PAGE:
The Lagos Chamber of Commerce and Industry, LCCI, Monday, lamented the delay in the consideration of the Petroleum Industry Bill, PIB, by the National Assembly, saying the delay is negatively affecting Nigeria's competitiveness, making the country vulnerable and hindering the growth and transformation of the economy.
The delay in the consideration of the PIB is as a result of mounting opposition by Northern senators and international oil companies, who are kicking against certain provisions of the Bill.
According to a statement by Mr Goodie Ibru, President, LCCI, The consideration of the PIB by the National Assembly seems to have lost momentum,
He expressed regret that the process of passing the bill is being obstructed by forces seeking to promote other interests over national interest.
He said, "This is a cause for serious concern, having regard to the imperative and urgency of reforms in the oil and gas sector which is currently plagued by gross sub optimality, policy uncertainty, inefficiency and corruption. The PIB offers the framework to overhaul the petroleum industry for optimal value for the Nigerian economy and its people."
He maintained that the Nigerian economy will continually remain vulnerable, as long as people seek to perpetuate the status quo.
According to him, it is critical as well to salvage the economy from the cavity of corruption which currently plagues the sector and poses a profound systemic risk to the entire economy.
He called on the National Assembly to accelerate the process of consideration of the bill in the larger interest of the Nigerian economy and its people.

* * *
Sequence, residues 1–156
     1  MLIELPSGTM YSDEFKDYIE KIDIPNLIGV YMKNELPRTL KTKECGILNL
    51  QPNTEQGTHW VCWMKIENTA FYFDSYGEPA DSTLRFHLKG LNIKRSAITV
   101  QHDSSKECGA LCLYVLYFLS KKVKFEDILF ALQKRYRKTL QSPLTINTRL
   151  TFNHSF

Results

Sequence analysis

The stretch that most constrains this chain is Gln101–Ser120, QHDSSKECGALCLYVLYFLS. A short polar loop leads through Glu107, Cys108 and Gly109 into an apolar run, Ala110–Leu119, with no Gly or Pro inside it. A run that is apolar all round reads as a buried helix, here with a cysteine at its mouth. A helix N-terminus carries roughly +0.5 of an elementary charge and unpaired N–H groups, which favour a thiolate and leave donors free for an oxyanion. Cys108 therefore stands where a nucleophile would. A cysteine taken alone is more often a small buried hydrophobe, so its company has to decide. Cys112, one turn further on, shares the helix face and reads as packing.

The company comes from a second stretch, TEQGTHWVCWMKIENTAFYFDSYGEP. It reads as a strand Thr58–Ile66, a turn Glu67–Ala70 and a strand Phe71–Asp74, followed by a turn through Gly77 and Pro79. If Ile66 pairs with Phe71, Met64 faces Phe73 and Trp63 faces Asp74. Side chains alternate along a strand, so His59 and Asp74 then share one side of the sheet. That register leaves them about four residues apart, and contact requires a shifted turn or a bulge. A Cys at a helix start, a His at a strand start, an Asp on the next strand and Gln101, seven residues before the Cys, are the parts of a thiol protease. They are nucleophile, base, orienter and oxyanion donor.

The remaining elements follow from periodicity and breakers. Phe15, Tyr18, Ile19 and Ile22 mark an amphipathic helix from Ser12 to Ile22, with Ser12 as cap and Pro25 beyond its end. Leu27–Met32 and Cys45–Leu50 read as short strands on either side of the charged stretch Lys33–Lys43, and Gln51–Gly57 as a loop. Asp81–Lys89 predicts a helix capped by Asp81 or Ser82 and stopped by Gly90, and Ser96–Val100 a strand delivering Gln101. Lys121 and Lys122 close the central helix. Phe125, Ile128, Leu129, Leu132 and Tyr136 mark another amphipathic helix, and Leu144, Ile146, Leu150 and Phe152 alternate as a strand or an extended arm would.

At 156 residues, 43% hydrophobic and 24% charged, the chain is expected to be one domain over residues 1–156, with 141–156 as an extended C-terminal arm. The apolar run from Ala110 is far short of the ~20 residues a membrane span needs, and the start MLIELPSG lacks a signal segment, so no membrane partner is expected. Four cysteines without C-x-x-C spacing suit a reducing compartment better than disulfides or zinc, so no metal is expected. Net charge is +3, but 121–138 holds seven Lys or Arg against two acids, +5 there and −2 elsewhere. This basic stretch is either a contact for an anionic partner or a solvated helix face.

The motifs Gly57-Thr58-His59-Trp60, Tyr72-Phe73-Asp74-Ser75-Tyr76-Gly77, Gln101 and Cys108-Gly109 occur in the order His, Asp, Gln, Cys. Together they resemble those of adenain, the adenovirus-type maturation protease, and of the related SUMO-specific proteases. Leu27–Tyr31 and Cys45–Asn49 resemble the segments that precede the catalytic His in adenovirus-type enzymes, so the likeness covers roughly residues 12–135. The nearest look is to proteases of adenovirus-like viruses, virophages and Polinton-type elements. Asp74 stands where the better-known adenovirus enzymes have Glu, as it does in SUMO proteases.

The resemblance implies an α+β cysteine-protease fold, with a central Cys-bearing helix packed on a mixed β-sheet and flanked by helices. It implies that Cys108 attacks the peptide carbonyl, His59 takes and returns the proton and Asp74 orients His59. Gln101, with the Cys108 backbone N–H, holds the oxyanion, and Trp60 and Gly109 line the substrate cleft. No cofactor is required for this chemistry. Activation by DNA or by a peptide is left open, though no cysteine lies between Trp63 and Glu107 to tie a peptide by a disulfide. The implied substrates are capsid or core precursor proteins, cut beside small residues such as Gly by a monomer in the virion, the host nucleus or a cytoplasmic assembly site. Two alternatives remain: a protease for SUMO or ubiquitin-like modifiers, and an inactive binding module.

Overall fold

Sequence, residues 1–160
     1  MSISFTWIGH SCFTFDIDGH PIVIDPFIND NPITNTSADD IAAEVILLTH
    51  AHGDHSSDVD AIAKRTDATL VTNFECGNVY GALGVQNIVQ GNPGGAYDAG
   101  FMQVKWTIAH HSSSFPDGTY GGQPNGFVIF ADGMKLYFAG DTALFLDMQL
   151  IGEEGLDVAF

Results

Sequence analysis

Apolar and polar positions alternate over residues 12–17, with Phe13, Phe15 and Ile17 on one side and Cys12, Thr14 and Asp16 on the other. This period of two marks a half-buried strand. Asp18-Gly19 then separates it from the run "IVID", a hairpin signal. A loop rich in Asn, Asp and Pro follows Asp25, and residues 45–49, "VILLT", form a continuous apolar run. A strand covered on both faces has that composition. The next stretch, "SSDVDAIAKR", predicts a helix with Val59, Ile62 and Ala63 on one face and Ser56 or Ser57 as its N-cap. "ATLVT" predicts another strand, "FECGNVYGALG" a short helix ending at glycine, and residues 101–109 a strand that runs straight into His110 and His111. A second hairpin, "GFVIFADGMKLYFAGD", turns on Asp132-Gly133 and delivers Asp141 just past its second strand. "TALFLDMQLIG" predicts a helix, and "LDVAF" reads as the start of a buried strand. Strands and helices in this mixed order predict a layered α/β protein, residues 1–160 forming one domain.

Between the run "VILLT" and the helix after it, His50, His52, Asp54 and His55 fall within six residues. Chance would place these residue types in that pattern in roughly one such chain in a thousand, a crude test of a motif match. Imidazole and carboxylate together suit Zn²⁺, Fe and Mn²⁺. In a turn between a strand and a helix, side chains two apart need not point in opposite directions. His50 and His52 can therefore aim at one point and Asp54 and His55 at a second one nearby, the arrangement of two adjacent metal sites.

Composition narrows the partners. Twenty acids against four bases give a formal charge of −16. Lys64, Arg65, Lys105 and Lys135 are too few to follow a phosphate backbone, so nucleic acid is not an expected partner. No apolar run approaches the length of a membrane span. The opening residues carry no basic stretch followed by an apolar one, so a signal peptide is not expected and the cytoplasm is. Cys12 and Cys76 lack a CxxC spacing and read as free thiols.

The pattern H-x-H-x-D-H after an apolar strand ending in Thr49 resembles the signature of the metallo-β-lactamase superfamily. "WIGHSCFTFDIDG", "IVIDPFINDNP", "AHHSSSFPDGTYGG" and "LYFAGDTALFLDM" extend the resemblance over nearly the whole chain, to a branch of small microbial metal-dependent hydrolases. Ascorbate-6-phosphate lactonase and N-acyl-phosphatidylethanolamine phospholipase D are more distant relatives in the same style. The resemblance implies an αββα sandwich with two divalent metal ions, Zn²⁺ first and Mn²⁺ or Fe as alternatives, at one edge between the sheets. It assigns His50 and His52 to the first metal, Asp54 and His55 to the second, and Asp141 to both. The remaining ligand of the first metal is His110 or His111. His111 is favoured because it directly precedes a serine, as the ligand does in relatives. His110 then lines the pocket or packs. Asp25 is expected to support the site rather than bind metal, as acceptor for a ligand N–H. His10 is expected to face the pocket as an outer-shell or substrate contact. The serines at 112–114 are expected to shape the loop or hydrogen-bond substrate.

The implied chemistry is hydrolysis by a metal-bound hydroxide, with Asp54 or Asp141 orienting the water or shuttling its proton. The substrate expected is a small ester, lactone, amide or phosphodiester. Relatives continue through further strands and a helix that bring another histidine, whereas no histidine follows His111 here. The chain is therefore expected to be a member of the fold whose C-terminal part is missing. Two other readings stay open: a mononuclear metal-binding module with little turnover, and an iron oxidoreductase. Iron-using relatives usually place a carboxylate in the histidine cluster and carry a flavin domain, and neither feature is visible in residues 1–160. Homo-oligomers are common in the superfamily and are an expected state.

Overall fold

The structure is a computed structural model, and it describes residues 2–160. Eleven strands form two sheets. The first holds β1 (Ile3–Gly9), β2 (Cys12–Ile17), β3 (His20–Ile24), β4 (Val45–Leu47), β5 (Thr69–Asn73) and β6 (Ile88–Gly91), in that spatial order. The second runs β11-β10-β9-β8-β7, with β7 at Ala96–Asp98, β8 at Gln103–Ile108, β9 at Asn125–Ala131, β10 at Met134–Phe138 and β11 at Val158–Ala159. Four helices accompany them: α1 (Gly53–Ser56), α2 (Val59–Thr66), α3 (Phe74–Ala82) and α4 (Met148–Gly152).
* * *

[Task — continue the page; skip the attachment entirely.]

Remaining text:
He said, "The economy is well positioned to leverage on an efficient and competitive oil and gas sector to achieve the much desired transformation. We need to unlock the huge potentials for job creation, backward integration, robust investments in refineries, investments in distribution and marketing of petroleum products, development of petrochemical industries and numerous multiplier effects that would be generated for the economy.
"Additionally, there will be huge savings in foreign exchange that would result from self sufficiency in petroleum products production as investments in refineries become attractive to investors. Resources currently being committed to importation of petroleum products are horrendous and clearly not sustainable.
"The Lagos Chamber looks forward to the urgent passage of a PIB that would ensure transparency in the oil and gas sector and driven by technocrats so that the economy and the citizens could get optimal value. It is critical as well that the sector be insulated from all forms of interference by bureaucrats and the political leadership."
The PIB, which is a Bill for an Act to provide for Establishment of a Legal, Fiscal and Regulatory Framework for the Petroleum Industry in Nigeria and for other Related Matters is presently before the National Assembly for deliberation after President Goodluck Jonathan forwarded the Bill to the lawmakers last year.
The lawmakers failed to commence deliberation on the Bill before they went on recess last. However, on resumption this year, the senate tried opening debate on the Bill, but it was suspended, failing to progress to the Second Reading, following opposition from the Northern senators.